PHOENIX – More Arizona businesses face closure with a revised order from Gov. Doug Ducey, who is calling on salons, barbers, tattoo parlors, massage parlors, spas and other previously exempt businesses to cease operation by 5 p.m. on Saturday, April 4.
Mayors in Arizona voiced criticism of the state’s list of essential services in recent weeks, Cronkite News reported. Ducey, in a press release Friday afternoon, updated his executive order to redefine those services the state considers essential.
Although the state vowed to keep public parks as open to the “greatest extent as possible,” amenities at public parks that do not allow for recommended physical distancing or proper hygiene will close. That includes splash pads, basketball courts and even park restrooms.
Communal pools and swap meets are also to close under the new guidelines.
The Governor’s Office clarified that many essential services, such as day care centers and personal hygiene services, such as in-home assistance with bathing and cleaning, may continue operations but under careful measures.
As of April 5, Arizona health officials reported 2,269 cases of COVID-19 in Arizona, and 64 deaths, according to the Arizona Department of Health Services. Also as of April 5, the department said 27,134 tests for COVID-19 have been completed in public and private labs in Arizona with the coronavirus ruled out in 25,335 cases.
Navajo Nation works to slow outbreak
Navajo Nation leaders and health officials are searching for additional resources for the reservation – from doctors to care facilities – to prepare in the event the COVID-19 outbreak worsens, they said in a virtual town hall Friday morning.
Tribal health officials have reported 241 cases of COVID-19 and eight deaths as of Thursday, April 2. In addition, they said, 1,796 individuals on the reservation tested negative for the virus. In a phone call with President Donald Trump earlier this week, New Mexico Governor Michelle Lujan Grisham warned the illness could “wipe out” indigenous people in the Four Corners region.
The Navajo Nation is looking to increase the number of doctors, nurses and housekeepers to work against the outbreak as officials report rising numbers in the area. Health officials looked at both projections and actual cases of COVID-19 in the reservation to determine additional staff loads, said Roselyn Tso, service director of the Navajo Area Indian Health.
The plan also calls for finding additional locations to open care facilities if needed, called “alternate sites for care.”
“Because the patients that we’re seeing are in different stages, not all of them may need to come to a hospital, so we’re finding other places that they might be able to go to self-quarantine,” Tso said. “Or even when they get better. They need to go somewhere for a little while just to continue to recuperate.”
To contain the spread of the virus, the Navajo Nation imposed a daily curfew on March 30 on all of its residents effective from 8 p.m. to 5 a.m. The curfew does not apply to what are deemed essential employees by the nation.
UArizona ships COVID-19 collection kits to Navajo Nation
Another effort to help the Navajo Nation combat the outbreak in northern Arizona is coming from the opposite side of the state – in Tucson. The UArizona Health Sciences Department delivered 250 COVID-19 kits to the reservation on Friday.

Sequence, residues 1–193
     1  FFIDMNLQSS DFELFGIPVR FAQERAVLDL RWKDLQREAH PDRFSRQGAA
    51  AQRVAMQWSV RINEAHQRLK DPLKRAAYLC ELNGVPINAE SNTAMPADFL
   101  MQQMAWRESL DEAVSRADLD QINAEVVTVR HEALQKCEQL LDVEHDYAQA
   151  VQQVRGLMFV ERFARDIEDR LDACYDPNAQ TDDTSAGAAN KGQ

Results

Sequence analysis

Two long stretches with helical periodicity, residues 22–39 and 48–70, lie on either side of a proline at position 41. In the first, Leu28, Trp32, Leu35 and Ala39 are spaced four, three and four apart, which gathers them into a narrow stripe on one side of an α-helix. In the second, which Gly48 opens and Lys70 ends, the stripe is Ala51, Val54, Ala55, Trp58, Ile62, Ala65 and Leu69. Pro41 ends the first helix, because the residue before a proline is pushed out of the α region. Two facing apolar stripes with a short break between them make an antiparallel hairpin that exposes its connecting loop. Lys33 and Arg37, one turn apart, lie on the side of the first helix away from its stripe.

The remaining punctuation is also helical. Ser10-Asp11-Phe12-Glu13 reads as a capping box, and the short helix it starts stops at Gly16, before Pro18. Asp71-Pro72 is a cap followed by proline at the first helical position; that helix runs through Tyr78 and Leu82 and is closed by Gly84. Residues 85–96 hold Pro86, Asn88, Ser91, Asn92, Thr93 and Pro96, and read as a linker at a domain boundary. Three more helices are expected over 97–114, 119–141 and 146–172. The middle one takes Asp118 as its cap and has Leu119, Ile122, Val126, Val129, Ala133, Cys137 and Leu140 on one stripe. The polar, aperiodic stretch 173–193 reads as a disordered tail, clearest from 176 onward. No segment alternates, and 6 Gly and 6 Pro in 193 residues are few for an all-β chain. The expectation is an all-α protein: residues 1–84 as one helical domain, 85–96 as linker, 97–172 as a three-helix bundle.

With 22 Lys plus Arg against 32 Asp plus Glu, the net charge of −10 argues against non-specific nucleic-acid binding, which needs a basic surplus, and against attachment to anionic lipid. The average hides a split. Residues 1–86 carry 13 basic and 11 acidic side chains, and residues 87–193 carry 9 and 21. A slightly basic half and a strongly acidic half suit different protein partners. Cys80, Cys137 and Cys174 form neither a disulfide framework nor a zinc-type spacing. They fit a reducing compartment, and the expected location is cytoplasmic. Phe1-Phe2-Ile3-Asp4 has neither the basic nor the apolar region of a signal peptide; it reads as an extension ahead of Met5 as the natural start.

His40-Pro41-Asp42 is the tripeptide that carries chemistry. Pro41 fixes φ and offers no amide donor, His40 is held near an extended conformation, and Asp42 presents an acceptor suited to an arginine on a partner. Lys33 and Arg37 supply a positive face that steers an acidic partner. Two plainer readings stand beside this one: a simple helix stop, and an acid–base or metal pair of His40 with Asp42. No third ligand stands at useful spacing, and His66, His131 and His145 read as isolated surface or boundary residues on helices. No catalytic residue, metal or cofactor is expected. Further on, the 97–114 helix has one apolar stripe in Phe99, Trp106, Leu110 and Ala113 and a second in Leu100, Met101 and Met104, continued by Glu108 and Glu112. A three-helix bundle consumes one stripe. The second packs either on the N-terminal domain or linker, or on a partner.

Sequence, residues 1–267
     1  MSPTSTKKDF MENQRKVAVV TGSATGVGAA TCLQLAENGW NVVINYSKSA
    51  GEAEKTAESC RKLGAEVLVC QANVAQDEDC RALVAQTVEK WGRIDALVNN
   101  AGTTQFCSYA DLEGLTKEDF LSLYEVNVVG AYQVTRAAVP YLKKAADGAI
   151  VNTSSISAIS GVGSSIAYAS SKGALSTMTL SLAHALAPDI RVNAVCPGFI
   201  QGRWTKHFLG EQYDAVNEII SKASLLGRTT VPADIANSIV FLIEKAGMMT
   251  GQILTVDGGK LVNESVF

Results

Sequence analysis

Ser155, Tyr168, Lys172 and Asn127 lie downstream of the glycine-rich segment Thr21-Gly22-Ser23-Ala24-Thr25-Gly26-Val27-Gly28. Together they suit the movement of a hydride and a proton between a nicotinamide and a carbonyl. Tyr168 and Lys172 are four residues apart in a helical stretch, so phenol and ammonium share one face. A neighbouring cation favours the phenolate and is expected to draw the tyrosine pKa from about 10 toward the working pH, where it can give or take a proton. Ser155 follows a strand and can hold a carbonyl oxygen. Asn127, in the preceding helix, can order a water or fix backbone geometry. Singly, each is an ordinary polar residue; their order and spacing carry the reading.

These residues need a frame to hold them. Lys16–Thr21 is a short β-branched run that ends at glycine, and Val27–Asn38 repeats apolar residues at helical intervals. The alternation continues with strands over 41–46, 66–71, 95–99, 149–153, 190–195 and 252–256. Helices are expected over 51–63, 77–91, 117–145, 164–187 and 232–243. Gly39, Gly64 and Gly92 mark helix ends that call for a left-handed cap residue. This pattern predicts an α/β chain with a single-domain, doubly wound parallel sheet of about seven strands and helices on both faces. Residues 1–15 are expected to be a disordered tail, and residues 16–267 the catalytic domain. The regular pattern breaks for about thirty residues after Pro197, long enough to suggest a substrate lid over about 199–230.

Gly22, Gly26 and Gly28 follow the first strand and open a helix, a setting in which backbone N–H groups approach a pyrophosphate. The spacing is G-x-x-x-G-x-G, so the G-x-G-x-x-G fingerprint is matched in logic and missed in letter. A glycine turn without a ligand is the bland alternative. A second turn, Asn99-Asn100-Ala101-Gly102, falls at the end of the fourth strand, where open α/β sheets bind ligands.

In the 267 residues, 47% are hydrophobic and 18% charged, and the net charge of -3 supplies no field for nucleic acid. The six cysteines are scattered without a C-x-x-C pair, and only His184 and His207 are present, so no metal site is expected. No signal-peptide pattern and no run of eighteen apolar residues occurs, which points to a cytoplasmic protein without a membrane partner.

“Regrettably, the Navajo Nation has been particularly hard hit by the coronavirus and needs these tests to help protect their community,” UArizona President Robert C. Robbins said in a statement. “We are sending these sample collection kits in the hopes they can assist in their efforts to address COVID-19, and we thank the president, the speaker and the council for their tireless work.”
Child care plan for frontline workers
Starting Monday, April 6, new child care centers will be available to children of first responders, critical health care workers and essential public sector workers, including child safety workers, the Governor’s Office and the Arizona Department of Education said Friday.
ASU researchers testing wastewater in Tempe for COVID-19
Researchers at Arizona State University are in the early stages of testing whether COVID-19 can be detected in wastewater, the Arizona Republic reports. Professor Rolf Halden and his team have led similar efforts at the university, monitoring wastewater for other viruses, such as the flu, across 30 cities nationwide, but Halden told the Republic that Tempe is believed to be the first city to detect other viruses in untreated sewage. If the method for testing COVID-19 proves successful, researchers will begin tracking trends from different parts of Tempe’s sewage system.
ASU launches drive-thru testing for essential workers
The Biodesign Institute at Arizona State University launched its COVID-19 drive-thru testing on Thursday after more than a week of delays, Cronkite News reported. Testing is not open to the public and is reserved for essential workers such as first responders and hospital workers. The university currently has 4,000 testing kits made and plans to make 10,000 more in the next week.
Red Rock District announces closures of recreation sites
The Coconino National Forest this weekend will close 10 of its most popular recreation sites in the Sedona area in response to concerns over large numbers of hikers congregating and not practicing social distancing. The list of trails and day-use sites that will close can be found here.
How to help
The Singletons, a Phoenix nonprofit that serves single-parent households battling cancer, is running low on essential items to help one of the most vulnerable populations during the pandemic. The organization is looking for such items as toilet paper, laundry detergent and disinfectants approved by the Environmental Protection Agency.
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